Renting and the Law: Tenant still waiting for Certificate of Rent Paid

  • Article by: KELLY KLEIN
  • Updated: February 14, 2014 - 4:49 PM

Q: I have not yet received my Certificate of Rent Paid form from my landlord, and it’s now the middle of February. What should I do?

A: All rental property owners, managers or landlords are required to provide a Certificate of Rent Paid (CRP) form to any person who rented from them at any time during 2013, unless the property is tax-exempt. You should contact your landlord and let them know they were required to provide a CRP form by Jan. 31. It may be just an oversight, since many landlords are dealing with issuing and distributing many of these forms to their tenants during this period. If your landlord fails to provide a CRP form by March 1, you can contact the Minnesota Department of Revenue to request a Rent Paid Affidavit, which will allow you to submit your information and a request for your refund. If you have any other questions about how to apply for your refund, contact the department’s tax help line at 651-296-3781 if you live in the metro area, or 1-800-652-9094 if you live outside the metro area.

 

Rent hike

Q: I have lived in the same apartment complex since July 1990. My lease was originally for six months and then month-to-month thereafter. The rental company has been trying for a few years to get me and other long-term renters to sign annual leases, but so far none of us have done it. They finally sent us leases that still read “month-to-month,” which I have signed and returned.

On Jan. 10, I received a letter under my door, stating that my lease would expire on Jan. 31. They are offering a six-month lease or a 12-month lease for the same rate I am currently paying. However, for the month-to-month lease, the company is raising the rent by $100. Can the rental company raise my rent for the same lease with only a few days’ notice?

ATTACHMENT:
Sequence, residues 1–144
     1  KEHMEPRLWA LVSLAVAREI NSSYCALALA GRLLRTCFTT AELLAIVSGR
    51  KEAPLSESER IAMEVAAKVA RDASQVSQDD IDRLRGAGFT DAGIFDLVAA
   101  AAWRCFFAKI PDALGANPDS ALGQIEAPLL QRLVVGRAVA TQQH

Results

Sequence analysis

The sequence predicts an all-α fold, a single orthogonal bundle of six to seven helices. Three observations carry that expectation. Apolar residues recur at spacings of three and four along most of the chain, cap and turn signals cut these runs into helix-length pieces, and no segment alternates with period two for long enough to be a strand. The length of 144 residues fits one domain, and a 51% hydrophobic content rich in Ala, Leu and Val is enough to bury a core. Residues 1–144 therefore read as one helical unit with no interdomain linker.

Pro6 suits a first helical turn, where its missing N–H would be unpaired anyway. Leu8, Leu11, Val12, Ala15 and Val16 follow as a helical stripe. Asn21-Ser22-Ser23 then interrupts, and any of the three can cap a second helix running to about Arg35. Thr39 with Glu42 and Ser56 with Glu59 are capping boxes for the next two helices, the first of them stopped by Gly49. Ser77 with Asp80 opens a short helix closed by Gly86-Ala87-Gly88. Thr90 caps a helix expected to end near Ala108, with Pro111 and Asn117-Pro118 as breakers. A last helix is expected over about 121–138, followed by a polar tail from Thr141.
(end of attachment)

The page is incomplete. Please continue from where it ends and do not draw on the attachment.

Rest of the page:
A: Since you are currently under a month-to-month lease, the landlord must give you a one-month notice before raising your rent. For example, if the landlord wants to raise your rent for the month of February, then the notice needs to be under your door or in your mailbox by Dec. 31. Since you are on a month-to-month lease, the rental company can raise your rent after your month expires, however, the company must give you a full month’s notice. Therefore, the rental company can increase your rent for the month-to-month lease you are currently under, but it doesn’t become effective until March 1, because you didn’t receive notice until Jan. 10. The rental company can charge more for month-to-month leases if that is what they want to do, and they can raise your rent so long as they give you proper notice. You should contact them and let them know that their notice is ineffective, but that you are willing to sign the lease with the term that works best for you, and set that up so it starts at the proper time (i.e., March 1).

 

Kelly Klein is a Minneapolis attorney. Participation in this column does not create an attorney/client relationship with Klein. Do not rely on advice in this column for legal opinions. Consult an attorney regarding your particular issues. E-mail renting questions to kklein@kleinpa.com, or write to Kelly Klein c/o Star Tribune, 425 Portland Av. S., Minneapolis, MN 55488. Information provided by readers is not confidential.

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